I was momentarily offended and bristled at Judge Kopf’s notion that, by discussing and instructing jurors on subconscious bias, I was authoritarian and subverting justice (I forgave Judge Kopf because that is what friends do, and I love a good pot stirrer). And I do apologize for “frightening” my dear friend. I suspect Judge Kopf should be more frightened by the fact that the only two empirical studies that have given judges IAT tests confirm that judges have greater implicit biases than members of the public. **** If the IAT was as invalid as Judge Kopf implies why would there be a statistical difference between judges and the general public – twice confirmed in unrelated and independent studies with different cohorts of judges?
We see authoritarianism as differently as we understand implicit bias. Intuitively, I suspect it is the authoritarian judge types versus the egalitarian judge types that generally oppose discussing and instructing on implicit bias. Specifically, if there is not a model jury instruction on it, an authoritarian judge isn’t going to use it given it lacks the official imprimatur of the powers that be.*****
Here’s what scares and creeps me out: judges who blindly follow DOJ sentencing recommendations: judges, even after Booker and Gaul, who are wedded to the Sentencing Guidelines (deeply flawed from their inception) and fail to fairly apply the §3553(a) sentencing factors; judges who sleep at night after imposing crack/powder sentences at the 100:1 ratio when there is not a shred of empirical evidence to support that grave injustice; judges, for example, who accept the 30+ specific offense characteristics in the fraud guideline without critical scrutiny, or fail to request the government to put on any evidence they can muster that any of the Guideline SOC’s scored are empirically based—because they are not.
I respectfully suggest that blind adherence to the Sentencing Guidelines, which are not empirically based, when it comes to the federal criminal justice system, is a much greater marker of authoritarianism than discussing implicit biases with jurors. Judges who engage in the above sentencing practices are neither better nor worse than judges who are more “progressive,” for lack of a better term, but they are more status quo oriented and, thus, in my view, less likely to embrace implicit bias.
I suspect that my instructing on implicit bias has not caused a single offender to serve an extra day in prison. Judge Kopf, I doubt you can say the same thing about judges who engage in the above described sentencing practices. Isn’t it more likely true that judges with a heavy dose of authoritarianism are far less likely to discuss or instruct on implicit biases?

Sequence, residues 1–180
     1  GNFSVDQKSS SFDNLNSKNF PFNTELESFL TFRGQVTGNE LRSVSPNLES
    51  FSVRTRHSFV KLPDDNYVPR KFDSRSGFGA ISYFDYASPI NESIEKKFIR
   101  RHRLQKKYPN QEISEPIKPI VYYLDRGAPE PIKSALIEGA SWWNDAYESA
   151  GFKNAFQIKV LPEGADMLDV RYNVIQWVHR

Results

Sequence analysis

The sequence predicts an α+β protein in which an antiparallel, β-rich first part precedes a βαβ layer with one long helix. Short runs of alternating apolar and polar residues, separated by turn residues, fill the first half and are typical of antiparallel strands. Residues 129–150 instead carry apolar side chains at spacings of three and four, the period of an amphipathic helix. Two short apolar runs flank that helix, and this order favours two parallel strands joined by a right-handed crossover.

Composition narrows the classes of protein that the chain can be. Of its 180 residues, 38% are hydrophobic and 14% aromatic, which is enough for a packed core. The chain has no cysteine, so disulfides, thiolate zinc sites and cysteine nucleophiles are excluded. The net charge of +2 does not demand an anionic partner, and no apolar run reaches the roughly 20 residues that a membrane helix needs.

One final point. I recently conducted a national study of federal judges and their blind spot biases and published the results in an upcoming article in the Yale L. J. Forum. I noted that Justice Anthony Kennedy recently penned an excellent definition of the cognitive blind spot bias in judges, without naming it, when he wrote about the unconstitutional failure of a state supreme court justice to recuse himself in a criminal case: “Bias is easy to attribute to others and difficult to discern in oneself.”****** Senior federal district court judges have a statistically stronger blind spot bias than active district court judges and a much stronger blind spot bias than federal magistrate judges, bankruptcy judges and members of the general public. Now this is something to be fearful about.
I thank Judge Kopf for raising these important questions and for his unfailing commitment through his extraordinary openness to discuss difficult issues to enhance our system of justice.
* Justin D. Levinson, Forgotten Racial Equality: Implicit Bias, Decisionmaking, and Misremembering, 57 Duke L.J. 345 (2007); Justin D. Levinson & Danielle Young, Different Shades Of Bias: Skin Tone, Implicit Bias, and Judgments of Ambiguous Evidence, 112 W. Va. L. Rev. 307 (2010).
** Justin D. Levinson, Huajian Cai & Danielle Young, Guilty By Implicit Bias: The Guilty/Not Guilty Implicit Association Test, 8 Ohio St. J. Crim. L. 187 (2010). (The study established that there is implicit racial bias in being able to give black defendants the same benefit of the presumption of innocence that white defendants receive. Specifically, study participants held implicit associations between black and guilty as compared with white and not guilty.)
*** Brief for the National Black Students Assoc. as Amici Curiae In Support of Petitioner, Buck v. Davis, 2016 WL 4073688, at *xx (No. 15-8049) (July 29, 2016 U.S.).
**** Jeffrey J. Rachlinski et al., Does Unconscious Racial Bias Affect Trial Judges?, 84 Notre Dame L. Rev. 1195 (2009) and Justin D. Levinson, Mark W. Bennett & Koichi Hioki, Judging Implicit Bias: A National Empirical Study of Judicial Stereotypes 69 Fla. L. Rev. (forthcoming January 2017)
***** I served on the Eighth Circuit’s Model Jury Instruction committee for a decade, but resigned because I never used the model instructions and couldn’t move the committee in the direction of the plain English bullet point jury instructions I use.
****** Williams v. Pennsylvania, 136 S. Ct.1899, 1905 (2016). See my article Mark W. Bennett, Implicit Racial Bias in Sentencing: The Next Frontier, 126 Yale L.J. Forum (forthcoming 2017), you can find it pre-publication on SSRN.